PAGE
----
Unlimited
monthly
downloads
£9.99
set-up
cost
£18.00p/m
12 month contract
NOW Broadband
NOW Broadband Unlimited + Free Anytime Calls
  • Cheap deal + no credit check
  • Free anytime calls for 12 months
11Mb
average
speed
Unlimited
monthly
downloads
£9.99
set-up
cost
12
month contract
£225.99
1st year
cost
John LewisJohn Lewis Unlimited Broadband + Evening & Weekend Calls
10Mb
average
speed
Unlimited
monthly
downloads
Zero
set-up
cost
£20.00p/m
12 month contract
John Lewis
John Lewis Unlimited Broadband + Evening & Weekend Calls
  • Free £35 John Lewis e-Gift Card
10Mb
average
speed
Unlimited
monthly
downloads
Zero
set-up
cost
12
month contract
£240.00
1st year
cost
BTBT Broadband + Weekend Calls
10Mb
average
speed
Unlimited
monthly
downloads
£19.99
set-up
cost
£24.99p/m
18 month contract
BT
BT Broadband + Weekend Calls
  • £70 BT Reward Card
10Mb
average
speed
Unlimited
monthly
downloads
£19.99
set-up
cost
18
month contract
£319.87
1st year
cost
SkySky Fibre Max Broadband
63Mb
average
speed
Unlimited
monthly
downloads
£9.95
set-up
cost
£30.00p/m
18 month contract
Sky
Sky Fibre Max Broadband
  • Introductory discount: Save £252
63Mb
average
speed
Unlimited
monthly
downloads
£9.95
set-up
cost
18
month contract
£369.95
1st year
cost
BTBT Superfast Fibre 2 + Weekend Calls + TV Entertainment with BT Sport
67Mb
average
speed
Unlimited
monthly
downloads
£19.99
set-up
cost
£54.99p/m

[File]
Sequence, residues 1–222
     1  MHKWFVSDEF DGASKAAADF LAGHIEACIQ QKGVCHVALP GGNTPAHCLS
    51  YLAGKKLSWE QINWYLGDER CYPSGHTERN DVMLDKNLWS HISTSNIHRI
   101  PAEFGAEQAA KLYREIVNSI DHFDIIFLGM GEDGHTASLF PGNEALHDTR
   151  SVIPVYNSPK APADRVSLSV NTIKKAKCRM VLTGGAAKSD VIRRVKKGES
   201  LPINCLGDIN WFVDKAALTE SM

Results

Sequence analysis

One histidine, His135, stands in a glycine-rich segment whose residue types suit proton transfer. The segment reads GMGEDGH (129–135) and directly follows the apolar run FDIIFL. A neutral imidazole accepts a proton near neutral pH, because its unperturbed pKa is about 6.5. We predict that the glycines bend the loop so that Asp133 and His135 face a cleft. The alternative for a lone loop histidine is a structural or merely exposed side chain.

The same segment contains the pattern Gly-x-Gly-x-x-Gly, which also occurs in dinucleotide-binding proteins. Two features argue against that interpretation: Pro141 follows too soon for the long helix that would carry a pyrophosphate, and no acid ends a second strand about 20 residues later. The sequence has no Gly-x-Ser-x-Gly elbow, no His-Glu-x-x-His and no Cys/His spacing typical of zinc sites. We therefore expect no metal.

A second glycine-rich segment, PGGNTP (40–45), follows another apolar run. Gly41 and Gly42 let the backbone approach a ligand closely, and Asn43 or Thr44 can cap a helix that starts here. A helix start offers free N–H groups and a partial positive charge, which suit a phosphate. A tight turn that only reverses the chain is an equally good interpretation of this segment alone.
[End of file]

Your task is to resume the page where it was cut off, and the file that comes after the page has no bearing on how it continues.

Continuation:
18 month contract
BT
BT Superfast Fibre 2 + Weekend Calls + TV Entertainment with BT Sport
  • £140 Reward Card
67Mb
average
speed
Unlimited
monthly
downloads
£19.99
set-up
cost
18
month contract
£679.87
1st year
cost
VodafoneVodafone Superfast 1 Fibre
35Mb
average
speed
Unlimited
monthly
downloads
£9.99
set-up
cost
£23.00p/m
18 month contract
Vodafone
Vodafone Superfast 1 Fibre
    35Mb
    average
    speed
    Unlimited
    monthly
    downloads
    £9.99
    set-up
    cost
    18
    month contract
    £285.99
    1st year
    cost
    EEEE Unlimited Fibre Plus Broadband
    67Mb
    average
    speed
    Unlimited
    monthly
    downloads
    Zero
    set-up
    cost
    £30.00p/m
    18 month contract
    EE
    EE Unlimited Fibre Plus Broadband
    • Includes EE Mobile 5GB Data Boost
    • No upfront costs
    67Mb
    average
    speed
    Unlimited
    monthly
    downloads
    Zero
    set-up
    cost
    18
    month contract
    £360.00
    1st year
    cost
    173
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    What you need to know

    • Prices last checked and verified 10th December 2018
    • Broadband speeds may vary
    • Monthly costs include line rental
    • All prices are inclusive of VAT except business packages
    • You should have the right to cancel without penalty if your provider increases charges during the minimum term of your contract
    • Some providers offer line rental reduced prices when an upfront payment is made for 12 months

    How to compare unlimited broadband deals

    If your household makes the most of everything the internet has to offer, from browsing to gaming, listening to music to watching TV, an unlimited broadband deal can provide the best value for money.

    Our comprehensive guide reveals exactly what you need to know about unlimited broadband, including information on fair usage and traffic management, to help you identify what level of service is most appropriate for you.